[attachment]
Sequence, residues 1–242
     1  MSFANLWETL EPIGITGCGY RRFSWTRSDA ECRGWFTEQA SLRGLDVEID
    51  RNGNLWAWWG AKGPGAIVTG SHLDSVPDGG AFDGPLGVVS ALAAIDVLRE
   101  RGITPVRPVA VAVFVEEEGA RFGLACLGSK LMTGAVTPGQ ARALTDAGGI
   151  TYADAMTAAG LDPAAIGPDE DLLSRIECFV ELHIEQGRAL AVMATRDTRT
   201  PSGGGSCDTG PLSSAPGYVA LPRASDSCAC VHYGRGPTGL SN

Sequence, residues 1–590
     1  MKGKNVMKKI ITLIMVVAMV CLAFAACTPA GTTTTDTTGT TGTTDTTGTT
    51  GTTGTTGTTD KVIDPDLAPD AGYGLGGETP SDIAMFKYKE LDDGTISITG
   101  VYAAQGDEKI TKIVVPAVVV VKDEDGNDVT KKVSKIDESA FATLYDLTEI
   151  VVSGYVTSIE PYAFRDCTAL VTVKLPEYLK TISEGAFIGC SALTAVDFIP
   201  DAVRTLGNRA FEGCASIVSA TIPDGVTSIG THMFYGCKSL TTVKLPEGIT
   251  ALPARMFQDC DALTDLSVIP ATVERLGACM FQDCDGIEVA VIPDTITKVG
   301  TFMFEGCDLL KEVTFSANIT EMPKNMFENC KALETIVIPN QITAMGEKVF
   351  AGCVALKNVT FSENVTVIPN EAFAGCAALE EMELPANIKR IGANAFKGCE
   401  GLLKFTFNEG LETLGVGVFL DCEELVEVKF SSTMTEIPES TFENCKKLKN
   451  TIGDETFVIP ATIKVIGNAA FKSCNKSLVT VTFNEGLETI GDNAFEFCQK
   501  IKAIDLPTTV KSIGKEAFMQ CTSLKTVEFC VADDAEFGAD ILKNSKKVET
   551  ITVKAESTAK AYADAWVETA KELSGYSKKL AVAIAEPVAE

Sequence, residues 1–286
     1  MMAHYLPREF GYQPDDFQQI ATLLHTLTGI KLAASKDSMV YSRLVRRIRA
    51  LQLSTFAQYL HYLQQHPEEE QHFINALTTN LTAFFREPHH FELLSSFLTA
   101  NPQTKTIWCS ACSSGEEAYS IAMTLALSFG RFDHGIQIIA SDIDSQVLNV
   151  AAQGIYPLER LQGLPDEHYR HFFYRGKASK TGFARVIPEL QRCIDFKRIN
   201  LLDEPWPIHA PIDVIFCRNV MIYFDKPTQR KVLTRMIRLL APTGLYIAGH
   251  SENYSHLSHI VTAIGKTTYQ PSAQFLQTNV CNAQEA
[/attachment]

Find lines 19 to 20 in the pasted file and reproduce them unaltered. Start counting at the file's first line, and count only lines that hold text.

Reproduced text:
   551  ITVKAESTAK AYADAWVETA KELSGYSKKL AVAIAEPVAE

Sequence, residues 1–286